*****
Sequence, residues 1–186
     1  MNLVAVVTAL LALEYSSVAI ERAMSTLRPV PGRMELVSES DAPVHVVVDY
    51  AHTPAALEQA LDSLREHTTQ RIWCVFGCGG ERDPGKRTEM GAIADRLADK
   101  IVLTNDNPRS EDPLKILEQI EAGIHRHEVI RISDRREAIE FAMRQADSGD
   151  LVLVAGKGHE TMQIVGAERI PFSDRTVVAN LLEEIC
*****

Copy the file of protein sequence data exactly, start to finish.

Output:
Sequence, residues 1–186
     1  MNLVAVVTAL LALEYSSVAI ERAMSTLRPV PGRMELVSES DAPVHVVVDY
    51  AHTPAALEQA LDSLREHTTQ RIWCVFGCGG ERDPGKRTEM GAIADRLADK
   101  IVLTNDNPRS EDPLKILEQI EAGIHRHEVI RISDRREAIE FAMRQADSGD
   151  LVLVAGKGHE TMQIVGAERI PFSDRTVVAN LLEEIC